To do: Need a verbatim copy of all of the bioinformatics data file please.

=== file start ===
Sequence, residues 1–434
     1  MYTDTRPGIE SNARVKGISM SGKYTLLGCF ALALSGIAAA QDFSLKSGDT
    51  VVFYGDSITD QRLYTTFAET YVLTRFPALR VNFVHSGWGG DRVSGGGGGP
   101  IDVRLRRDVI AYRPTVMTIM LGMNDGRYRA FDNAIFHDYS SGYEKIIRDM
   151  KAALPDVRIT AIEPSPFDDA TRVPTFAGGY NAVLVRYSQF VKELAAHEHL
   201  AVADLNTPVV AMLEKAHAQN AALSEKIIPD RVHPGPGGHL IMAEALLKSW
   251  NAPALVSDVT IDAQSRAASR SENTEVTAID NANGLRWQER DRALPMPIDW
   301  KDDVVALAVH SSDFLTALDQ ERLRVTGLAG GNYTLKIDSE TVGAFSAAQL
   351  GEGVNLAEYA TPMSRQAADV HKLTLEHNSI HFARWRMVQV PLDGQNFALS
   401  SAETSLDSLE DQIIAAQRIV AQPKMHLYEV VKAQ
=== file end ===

Sequence, residues 1–434
     1  MYTDTRPGIE SNARVKGISM SGKYTLLGCF ALALSGIAAA QDFSLKSGDT
    51  VVFYGDSITD QRLYTTFAET YVLTRFPALR VNFVHSGWGG DRVSGGGGGP
   101  IDVRLRRDVI AYRPTVMTIM LGMNDGRYRA FDNAIFHDYS SGYEKIIRDM
   151  KAALPDVRIT AIEPSPFDDA TRVPTFAGGY NAVLVRYSQF VKELAAHEHL
   201  AVADLNTPVV AMLEKAHAQN AALSEKIIPD RVHPGPGGHL IMAEALLKSW
   251  NAPALVSDVT IDAQSRAASR SENTEVTAID NANGLRWQER DRALPMPIDW
   301  KDDVVALAVH SSDFLTALDQ ERLRVTGLAG GNYTLKIDSE TVGAFSAAQL
   351  GEGVNLAEYA TPMSRQAADV HKLTLEHNSI HFARWRMVQV PLDGQNFALS
   401  SAETSLDSLE DQIIAAQRIV AQPKMHLYEV VKAQ